Scientific Program

Conference Series LLC Ltd invites all the participants across the globe to attend 5th International Conference on Physical and Theoretical Chemistry Edinburgh, Scotland.

Day 2 :

Keynote Forum

Richard Tuckett

University of Birmingham, UK

Keynote: Climate change and global warming: thoughts of a quaker scientist

Time : 09:00-09:35

Physical Chemistry 2018 International Conference Keynote Speaker Richard Tuckett photo
Biography:

Richard Tuckett completed his PhD in near-infrared spectroscopy in 1979. He first worked in electronic fluorescence spectroscopy of free radicals and molecular cations, often using supersonic beams and non-resonant electron excitation. From the late 1980s, he started using tunable vacuum-ultraviolet photon excitation from a synchrotron as a resonant ionisation source. In recent years he has studied the ionisation properties of long-lived greenhouse gases by threshold photoelectron and photoelectron photo-ion coincidence spectroscopy. Almost by accident, this has led him into atmospheric sciences and a wide interest in climate issues.

Abstract:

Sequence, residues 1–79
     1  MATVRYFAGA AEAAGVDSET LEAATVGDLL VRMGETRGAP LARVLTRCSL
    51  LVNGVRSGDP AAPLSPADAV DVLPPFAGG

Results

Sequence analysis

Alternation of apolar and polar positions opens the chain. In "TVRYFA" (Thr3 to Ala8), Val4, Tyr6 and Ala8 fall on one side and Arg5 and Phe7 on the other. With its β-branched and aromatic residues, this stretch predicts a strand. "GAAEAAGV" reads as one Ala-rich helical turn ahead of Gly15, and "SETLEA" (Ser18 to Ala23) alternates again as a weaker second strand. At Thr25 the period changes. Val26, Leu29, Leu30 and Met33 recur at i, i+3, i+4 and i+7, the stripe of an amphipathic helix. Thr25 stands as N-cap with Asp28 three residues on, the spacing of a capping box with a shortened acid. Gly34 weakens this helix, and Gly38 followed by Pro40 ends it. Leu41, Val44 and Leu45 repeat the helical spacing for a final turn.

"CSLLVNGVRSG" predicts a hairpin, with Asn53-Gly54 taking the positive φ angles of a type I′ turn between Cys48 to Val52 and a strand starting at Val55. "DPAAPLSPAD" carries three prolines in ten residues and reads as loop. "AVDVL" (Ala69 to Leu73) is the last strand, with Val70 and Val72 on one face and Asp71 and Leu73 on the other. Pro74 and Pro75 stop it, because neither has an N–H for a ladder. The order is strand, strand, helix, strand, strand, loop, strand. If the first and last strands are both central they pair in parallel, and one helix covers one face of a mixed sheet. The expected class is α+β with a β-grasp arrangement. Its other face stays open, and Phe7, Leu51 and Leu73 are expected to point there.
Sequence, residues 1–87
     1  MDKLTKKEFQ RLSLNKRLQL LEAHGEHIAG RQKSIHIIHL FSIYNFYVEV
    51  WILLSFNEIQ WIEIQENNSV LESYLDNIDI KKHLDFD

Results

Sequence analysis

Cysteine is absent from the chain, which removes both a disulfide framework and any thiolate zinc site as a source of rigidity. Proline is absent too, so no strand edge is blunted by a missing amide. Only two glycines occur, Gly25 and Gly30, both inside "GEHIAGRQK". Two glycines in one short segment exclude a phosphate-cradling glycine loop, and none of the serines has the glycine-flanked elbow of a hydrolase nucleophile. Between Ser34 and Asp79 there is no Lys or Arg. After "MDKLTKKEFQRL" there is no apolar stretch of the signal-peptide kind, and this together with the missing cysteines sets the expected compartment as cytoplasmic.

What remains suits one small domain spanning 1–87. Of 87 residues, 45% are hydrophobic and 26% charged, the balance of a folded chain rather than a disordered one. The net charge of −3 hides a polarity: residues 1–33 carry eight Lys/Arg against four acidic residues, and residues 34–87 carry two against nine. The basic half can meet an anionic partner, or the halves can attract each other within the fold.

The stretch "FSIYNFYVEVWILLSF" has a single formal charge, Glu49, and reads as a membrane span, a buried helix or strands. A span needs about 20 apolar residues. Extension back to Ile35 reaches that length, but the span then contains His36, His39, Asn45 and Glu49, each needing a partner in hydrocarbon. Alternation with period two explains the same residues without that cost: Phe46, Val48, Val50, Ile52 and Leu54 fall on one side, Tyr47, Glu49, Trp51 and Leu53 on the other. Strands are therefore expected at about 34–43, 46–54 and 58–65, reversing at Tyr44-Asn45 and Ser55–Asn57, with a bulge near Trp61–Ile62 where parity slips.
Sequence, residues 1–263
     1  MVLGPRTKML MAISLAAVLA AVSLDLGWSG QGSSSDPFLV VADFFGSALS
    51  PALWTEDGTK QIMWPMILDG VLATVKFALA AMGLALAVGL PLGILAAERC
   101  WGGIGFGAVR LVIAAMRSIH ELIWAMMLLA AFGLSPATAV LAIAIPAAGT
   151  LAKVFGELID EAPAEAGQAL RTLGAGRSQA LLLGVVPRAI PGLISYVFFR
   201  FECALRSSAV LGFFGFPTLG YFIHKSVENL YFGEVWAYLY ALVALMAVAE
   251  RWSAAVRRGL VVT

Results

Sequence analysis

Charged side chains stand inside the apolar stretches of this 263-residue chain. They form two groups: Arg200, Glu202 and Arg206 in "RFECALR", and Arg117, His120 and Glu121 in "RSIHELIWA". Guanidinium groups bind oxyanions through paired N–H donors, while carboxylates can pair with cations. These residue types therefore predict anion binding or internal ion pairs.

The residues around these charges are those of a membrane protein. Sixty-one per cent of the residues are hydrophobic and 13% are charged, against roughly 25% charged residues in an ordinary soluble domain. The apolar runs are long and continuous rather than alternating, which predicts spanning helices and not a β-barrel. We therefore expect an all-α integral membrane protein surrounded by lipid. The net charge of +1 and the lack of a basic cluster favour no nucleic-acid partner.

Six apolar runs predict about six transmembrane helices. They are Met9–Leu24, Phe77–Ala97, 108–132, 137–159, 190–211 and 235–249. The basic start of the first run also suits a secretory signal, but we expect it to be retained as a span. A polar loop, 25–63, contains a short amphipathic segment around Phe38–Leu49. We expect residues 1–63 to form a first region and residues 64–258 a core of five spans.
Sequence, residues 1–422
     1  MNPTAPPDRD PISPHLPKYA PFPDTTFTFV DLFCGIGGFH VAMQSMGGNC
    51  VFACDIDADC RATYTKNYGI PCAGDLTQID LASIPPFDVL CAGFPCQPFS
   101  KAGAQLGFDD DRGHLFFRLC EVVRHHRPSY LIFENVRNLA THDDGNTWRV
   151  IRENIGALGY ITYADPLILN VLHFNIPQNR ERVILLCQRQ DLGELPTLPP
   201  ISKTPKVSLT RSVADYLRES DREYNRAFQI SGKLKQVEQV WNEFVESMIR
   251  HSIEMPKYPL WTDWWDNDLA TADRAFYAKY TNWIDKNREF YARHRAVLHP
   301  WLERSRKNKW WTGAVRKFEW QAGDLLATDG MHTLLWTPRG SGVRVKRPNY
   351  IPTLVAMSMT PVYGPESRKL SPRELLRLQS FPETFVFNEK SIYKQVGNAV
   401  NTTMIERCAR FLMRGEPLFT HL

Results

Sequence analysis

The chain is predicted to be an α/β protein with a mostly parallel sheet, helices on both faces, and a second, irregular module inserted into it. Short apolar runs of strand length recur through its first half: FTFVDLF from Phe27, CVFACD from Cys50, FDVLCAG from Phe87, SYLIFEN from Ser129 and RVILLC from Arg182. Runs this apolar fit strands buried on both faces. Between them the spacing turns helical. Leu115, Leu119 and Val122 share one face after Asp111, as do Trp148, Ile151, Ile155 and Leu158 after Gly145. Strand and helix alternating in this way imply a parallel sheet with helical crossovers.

This talk arises from two articles recently accepted for publication by Elsevier in their Reference Modules [1,2]; the first also comes out next year in paper copy in the 3rd edition of Encyclopaedia Analytical Sciences, Written for the intelligent nonexpert, the science of the greenhouse effect and the most up-to-date data are presented in the first article [1]. In summary, the two most significant secondary greenhouse gases remain CO2 and CH4, together they contribute c. 80-85% of the secondary greenhouse effect, and this percentage has not changed for the last 20-30 years. CH4 could indeed prove to be as serious a secondary greenhouse gas as CO2. However, the total radiative forcing which causes the increase in Planet Earth’s temperature has increased consistently over this time window, and the huge majority of the world’s scientists now accept that we have a huge environmental issue on our hands that will not disappear. In the second article [2], suggestions are made as what issues people should think about from individual, government and world positions. The author is a practicing member of the Quaker (Society of Friends) religion, and throughout he comes to this problem from a moral viewpoint. This will not be a talk about religion, but rather how the six Quaker Testimonies (i.e. way we should lead our lives) on Truth and Integrity, Social Justice, Equality, Simplicity, Peace and Sustainability lead him in certain personal directions, and what advice he might give to Governments and World organisations (e.g. the United Nations). A concise and simple explanation of the Quaker religion in the UK in 2017 is written elsewhere [3]; much of it may surprise many delegates!.